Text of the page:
Embodied Emotions - Follow on

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A research project with primary school children and university academics, to investigate how bodily movements and facial expressions mediate between inward feelings and the outside world. The aim was to develop an educational programme that could be used in schools to teach emotional literacy. The project was led by Ali Campbell (Senior Lecturer in Applied Performance, Queen Mary University, London) in collaboration with children from Osmani Primary School, Dr. Thomas Dixon (Director of the QMUL Centre for the History of the Emotions), Clare Whistler (independent performance artist and opera director), and film maker Bhavesh Hindocha.
Applying the X Ray Eyes template across Osmani Primary School.
Applying the X Ray Eyes template across Osmani Primary School. Part of "Embodied Emotions" research, led by Ali Campbell, Senior Lecturer, Applied Performance, Queen Mary University London. With Clare Whistler, dancer, and Dr Thomas Dixon, Centre for History of the Emotions, QMUL.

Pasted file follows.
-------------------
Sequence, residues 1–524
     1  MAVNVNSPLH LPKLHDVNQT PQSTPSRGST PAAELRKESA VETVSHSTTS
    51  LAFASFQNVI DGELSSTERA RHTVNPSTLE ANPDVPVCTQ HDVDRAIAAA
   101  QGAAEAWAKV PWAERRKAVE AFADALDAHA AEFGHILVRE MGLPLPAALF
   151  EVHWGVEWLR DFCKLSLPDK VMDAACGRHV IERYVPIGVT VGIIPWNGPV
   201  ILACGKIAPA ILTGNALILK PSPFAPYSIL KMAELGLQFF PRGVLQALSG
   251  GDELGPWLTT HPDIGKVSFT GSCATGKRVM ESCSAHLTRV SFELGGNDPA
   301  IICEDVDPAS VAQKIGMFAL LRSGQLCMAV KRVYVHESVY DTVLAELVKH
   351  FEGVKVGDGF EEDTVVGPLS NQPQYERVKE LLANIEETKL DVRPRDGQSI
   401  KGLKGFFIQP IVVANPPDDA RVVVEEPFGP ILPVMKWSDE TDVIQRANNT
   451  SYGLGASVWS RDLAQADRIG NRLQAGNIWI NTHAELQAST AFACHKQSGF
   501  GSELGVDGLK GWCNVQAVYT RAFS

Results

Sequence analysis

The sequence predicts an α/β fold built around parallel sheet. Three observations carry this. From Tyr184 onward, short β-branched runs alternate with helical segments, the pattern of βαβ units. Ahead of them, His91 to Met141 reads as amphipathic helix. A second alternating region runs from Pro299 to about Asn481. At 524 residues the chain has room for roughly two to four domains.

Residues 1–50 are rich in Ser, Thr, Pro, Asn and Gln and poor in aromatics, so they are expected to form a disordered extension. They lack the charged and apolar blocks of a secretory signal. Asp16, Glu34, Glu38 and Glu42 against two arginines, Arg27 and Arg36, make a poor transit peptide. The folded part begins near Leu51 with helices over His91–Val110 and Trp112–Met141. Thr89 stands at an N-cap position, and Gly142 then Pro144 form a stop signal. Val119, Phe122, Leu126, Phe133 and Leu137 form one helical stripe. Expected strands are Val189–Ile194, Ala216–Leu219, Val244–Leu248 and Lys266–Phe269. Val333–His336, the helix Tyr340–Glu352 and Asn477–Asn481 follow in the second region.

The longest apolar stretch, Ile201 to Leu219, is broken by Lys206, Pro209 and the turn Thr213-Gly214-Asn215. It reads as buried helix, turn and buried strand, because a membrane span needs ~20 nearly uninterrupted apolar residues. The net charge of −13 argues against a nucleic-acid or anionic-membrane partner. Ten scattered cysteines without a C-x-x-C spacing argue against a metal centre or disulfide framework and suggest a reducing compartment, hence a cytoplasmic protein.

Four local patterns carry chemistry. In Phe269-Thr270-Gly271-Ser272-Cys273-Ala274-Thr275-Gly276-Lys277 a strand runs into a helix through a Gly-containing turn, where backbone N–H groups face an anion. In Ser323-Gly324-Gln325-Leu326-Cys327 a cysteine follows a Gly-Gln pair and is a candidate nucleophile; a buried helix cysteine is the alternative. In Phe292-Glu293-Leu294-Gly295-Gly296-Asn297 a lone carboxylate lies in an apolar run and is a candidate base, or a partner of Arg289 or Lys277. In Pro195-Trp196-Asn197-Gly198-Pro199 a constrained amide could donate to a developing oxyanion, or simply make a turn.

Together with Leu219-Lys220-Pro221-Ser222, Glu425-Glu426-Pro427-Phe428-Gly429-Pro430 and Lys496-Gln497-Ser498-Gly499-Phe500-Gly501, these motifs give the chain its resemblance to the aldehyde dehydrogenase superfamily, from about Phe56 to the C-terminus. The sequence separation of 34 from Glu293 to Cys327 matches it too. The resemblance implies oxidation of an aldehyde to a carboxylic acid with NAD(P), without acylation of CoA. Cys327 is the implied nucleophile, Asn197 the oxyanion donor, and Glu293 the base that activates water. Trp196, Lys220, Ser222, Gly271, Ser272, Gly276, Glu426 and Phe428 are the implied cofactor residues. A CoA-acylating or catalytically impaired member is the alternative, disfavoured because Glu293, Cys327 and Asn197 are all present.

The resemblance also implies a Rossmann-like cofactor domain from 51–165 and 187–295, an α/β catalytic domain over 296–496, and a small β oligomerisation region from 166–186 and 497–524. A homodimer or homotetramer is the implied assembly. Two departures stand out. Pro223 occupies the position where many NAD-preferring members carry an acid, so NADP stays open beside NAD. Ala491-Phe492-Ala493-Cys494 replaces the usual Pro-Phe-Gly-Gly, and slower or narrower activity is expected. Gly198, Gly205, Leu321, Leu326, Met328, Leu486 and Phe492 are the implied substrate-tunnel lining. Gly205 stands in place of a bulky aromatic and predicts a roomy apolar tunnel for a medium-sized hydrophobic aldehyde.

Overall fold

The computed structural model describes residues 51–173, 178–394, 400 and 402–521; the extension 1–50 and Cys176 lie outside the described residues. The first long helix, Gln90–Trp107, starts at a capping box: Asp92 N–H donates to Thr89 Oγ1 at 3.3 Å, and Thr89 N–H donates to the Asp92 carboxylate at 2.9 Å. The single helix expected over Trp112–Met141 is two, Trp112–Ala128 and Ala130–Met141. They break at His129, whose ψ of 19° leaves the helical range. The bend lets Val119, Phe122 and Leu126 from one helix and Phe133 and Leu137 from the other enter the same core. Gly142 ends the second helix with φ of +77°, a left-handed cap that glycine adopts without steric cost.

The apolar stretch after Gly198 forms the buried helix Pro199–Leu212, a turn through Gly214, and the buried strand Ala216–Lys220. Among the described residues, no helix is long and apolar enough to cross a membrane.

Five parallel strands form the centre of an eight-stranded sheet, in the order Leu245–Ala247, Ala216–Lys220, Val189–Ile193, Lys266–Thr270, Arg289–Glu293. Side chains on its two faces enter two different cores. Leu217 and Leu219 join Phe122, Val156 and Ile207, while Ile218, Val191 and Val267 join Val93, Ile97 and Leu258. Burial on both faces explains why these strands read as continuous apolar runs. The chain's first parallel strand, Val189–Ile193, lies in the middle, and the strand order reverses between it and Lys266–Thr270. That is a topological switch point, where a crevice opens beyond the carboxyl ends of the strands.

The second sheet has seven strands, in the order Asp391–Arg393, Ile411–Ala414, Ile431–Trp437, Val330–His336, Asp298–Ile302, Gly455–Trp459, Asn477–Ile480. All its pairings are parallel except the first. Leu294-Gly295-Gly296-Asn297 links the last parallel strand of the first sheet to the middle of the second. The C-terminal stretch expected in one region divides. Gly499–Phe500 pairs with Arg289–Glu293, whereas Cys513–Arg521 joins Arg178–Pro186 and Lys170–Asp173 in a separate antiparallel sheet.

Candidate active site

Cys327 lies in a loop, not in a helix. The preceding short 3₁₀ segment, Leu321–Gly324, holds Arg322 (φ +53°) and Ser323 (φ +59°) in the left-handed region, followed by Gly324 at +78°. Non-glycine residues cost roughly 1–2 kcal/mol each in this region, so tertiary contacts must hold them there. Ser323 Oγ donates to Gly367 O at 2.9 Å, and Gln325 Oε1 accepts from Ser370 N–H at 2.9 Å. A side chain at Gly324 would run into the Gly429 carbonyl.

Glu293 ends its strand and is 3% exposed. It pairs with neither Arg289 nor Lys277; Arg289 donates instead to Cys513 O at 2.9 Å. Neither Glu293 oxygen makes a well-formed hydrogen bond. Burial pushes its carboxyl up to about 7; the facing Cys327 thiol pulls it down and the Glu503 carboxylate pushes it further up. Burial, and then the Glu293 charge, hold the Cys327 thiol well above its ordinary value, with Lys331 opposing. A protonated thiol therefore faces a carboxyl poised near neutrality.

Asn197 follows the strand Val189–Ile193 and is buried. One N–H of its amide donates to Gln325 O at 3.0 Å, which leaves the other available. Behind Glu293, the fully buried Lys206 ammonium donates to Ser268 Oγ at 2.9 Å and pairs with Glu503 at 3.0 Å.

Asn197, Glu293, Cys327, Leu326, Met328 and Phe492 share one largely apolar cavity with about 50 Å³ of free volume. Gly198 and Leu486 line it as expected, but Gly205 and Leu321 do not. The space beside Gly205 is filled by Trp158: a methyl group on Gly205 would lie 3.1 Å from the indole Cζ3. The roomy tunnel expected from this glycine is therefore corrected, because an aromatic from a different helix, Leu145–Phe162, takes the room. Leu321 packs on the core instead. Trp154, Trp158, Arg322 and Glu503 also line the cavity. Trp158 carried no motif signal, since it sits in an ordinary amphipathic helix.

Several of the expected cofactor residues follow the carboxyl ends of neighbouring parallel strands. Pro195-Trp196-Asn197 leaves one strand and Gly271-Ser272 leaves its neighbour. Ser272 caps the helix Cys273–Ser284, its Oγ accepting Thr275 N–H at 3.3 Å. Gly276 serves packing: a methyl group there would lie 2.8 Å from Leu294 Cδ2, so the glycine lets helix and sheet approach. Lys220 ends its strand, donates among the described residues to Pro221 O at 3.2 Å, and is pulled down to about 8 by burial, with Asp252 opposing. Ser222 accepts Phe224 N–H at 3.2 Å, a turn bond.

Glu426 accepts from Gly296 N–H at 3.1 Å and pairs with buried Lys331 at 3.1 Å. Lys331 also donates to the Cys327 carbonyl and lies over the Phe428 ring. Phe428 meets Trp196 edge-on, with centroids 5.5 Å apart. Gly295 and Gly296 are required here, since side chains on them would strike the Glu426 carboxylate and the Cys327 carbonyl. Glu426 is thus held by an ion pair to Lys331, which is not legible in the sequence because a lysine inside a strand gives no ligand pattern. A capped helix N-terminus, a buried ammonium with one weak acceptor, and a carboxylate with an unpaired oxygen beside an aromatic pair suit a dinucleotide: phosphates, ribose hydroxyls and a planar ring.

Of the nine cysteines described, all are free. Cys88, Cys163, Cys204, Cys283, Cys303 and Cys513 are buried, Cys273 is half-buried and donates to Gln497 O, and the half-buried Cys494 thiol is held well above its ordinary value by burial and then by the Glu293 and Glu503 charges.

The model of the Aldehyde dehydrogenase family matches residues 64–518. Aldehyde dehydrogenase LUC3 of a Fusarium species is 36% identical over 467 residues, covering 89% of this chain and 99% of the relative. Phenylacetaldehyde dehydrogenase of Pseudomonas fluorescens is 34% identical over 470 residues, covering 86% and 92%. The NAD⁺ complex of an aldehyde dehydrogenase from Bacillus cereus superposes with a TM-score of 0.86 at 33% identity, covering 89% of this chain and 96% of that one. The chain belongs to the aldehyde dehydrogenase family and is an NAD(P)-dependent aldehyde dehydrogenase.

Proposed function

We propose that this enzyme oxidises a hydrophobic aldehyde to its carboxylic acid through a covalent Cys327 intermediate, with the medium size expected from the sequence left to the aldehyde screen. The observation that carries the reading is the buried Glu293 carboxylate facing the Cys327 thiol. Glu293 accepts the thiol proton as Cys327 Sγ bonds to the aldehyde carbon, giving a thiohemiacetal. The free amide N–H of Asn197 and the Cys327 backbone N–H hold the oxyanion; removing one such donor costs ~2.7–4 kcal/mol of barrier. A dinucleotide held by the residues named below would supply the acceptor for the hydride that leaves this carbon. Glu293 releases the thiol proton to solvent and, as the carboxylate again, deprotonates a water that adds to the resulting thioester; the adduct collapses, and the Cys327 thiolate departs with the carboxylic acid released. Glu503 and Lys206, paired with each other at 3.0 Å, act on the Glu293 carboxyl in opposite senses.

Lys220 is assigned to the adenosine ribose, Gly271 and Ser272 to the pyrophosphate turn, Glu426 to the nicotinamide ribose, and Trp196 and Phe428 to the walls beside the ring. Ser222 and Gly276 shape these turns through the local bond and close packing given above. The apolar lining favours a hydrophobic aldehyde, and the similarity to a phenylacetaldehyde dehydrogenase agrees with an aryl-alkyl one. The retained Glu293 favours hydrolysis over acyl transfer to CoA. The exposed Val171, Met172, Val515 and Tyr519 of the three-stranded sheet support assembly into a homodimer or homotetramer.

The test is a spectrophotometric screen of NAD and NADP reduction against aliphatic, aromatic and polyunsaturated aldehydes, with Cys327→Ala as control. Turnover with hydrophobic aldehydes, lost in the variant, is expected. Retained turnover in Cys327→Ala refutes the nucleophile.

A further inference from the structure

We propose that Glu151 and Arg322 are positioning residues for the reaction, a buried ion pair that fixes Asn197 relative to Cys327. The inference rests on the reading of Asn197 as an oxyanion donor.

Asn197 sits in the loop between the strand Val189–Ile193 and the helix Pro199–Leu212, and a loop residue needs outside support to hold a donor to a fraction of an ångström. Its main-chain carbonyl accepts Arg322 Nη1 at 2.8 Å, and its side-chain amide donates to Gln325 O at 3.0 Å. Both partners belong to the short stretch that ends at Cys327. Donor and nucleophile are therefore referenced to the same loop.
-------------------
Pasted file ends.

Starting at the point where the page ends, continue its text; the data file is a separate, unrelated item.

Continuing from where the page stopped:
An "Embodied Emotions" workshop by Ali Campbell.
An "Embodied Emotions" workshop by Ali Campbell, senior lecturer in Applied Performance, Queen Mary University, London. 13 October 2011. With KMC School, Kathmandu and Mandala Theatre Company


Arts & Humanities Research Council: Each year the AHRC provides approximately £100 million from the Government to support research and postgraduate study in the arts and humanities, from archaeology and English literature to design and dance. In any one year, the AHRC makes approximately 700 research awards and around 1,000 postgraduate awards. Awards are made after a rigorous peer review process, to ensure that only applications of the highest quality are funded. Arts and humanities researchers constitute nearly a quarter of all research-active staff in the higher education sector. The quality and range of research supported by this investment of public funds not only provides social and cultural benefits but also contributes to the economic success of the UK. See Arts & Humanities Research Council website.